Water resistance: I leave it on when I wash the dishes, and even when I washed my shoes. I would have removed my old watch before doing such tasks.
Performance There were reports of the watch being sluggish. However, it has been very responsive so far. Perhaps those issues have been rectified.
Fitness rings: From what I’ve read so far, most people who has the Apple Watch are being pushed to be active just to complete the rings. It has become so natural for me to stand up and stretch every hour. If I become too engrossed with my work, the watch would tap my wrist to remind me to stand.
Notifications: Decoupling notifications from the phone has greatly reduced distractions. I simply raise my wrist when a notification comes in. If it’s nothing urgent, I go back to what I was doing. Had I pulled out my phone to check the notification, I would have fiddled around checking other apps.
Notifications are kind of redundant when I’m working on my MacBook Pro. I considered disabling notifications on the Mac, but those come in and disappear so they are pretty unobtrusive. It would be an improvement if notifications that come in on the Mac while I’m working on it would not be pushed to the watch.
Siri: The watch is making me use Siri more. Nothing feels better than knowing that I can set reminders just by raising my hand and saying, “Hey Siri.” Now, if I can rename Siri to Zordon…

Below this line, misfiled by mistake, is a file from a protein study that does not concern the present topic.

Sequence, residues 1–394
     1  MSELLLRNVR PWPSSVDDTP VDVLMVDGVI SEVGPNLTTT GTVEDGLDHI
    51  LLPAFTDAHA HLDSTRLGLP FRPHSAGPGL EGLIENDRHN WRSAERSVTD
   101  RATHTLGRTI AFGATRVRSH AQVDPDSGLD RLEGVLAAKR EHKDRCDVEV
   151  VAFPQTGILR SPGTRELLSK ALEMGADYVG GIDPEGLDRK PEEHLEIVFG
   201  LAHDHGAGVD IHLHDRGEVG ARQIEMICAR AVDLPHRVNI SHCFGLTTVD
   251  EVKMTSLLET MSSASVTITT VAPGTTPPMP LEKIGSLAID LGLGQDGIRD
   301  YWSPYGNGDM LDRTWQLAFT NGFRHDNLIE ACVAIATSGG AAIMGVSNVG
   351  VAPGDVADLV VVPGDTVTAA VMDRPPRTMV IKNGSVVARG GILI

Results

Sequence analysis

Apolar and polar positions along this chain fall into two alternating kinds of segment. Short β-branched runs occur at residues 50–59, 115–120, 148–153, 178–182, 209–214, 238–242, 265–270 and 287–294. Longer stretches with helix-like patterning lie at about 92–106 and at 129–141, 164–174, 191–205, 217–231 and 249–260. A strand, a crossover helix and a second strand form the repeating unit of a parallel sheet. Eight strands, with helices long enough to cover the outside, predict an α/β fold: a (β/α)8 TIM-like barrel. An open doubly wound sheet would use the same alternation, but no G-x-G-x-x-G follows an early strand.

Taking calls: My initial reaction to being able to take calls on the Apple Watch was, what’s the point? Then, I found myself changing clothes when a call came in. Instead of stopping what I was doing to look for the phone to take the call, I was able to tap on the watch and continue getting dressed. It might not seem much but it’s this kind of small details that remove friction in our lives.
Football: The Forza app is vital for a football fanatic like me. Okay, maybe not vital, since you can easily ask Siri to tell you the football scores. Forza’s Apple Watch app shows live score updates. On my wrist. I’m still trying to wrap my mind around that.
Remote: Controlling iTunes from the watch. Enough said.
The Apple Watch is definitely not essential, but it certainly enhances the whole experience of using the iPhone. Not everyone will appreciate it. I’m a tech geek who lives off my iPhone and MacBook Pro, and to a lesser extent, my iPad. Thus, the addition of the Apple Watch to this ecosystem brought welcomed benefits.
Of course, I expected there to be shortcomings since this is the first generation. Still, I was impressed by how it exceeded my expectations. Some improvements I would like to see are greater integration with the Mac.
Right now, I can only control iTunes on the Mac. There are a few apps that extend their Mac services, but there is a lot more progress to be made. WatchOS 2 and Mac OS X El Capitan should push things along in the right direction.
I will report back with more observations on the utility and impact of the Apple Watch.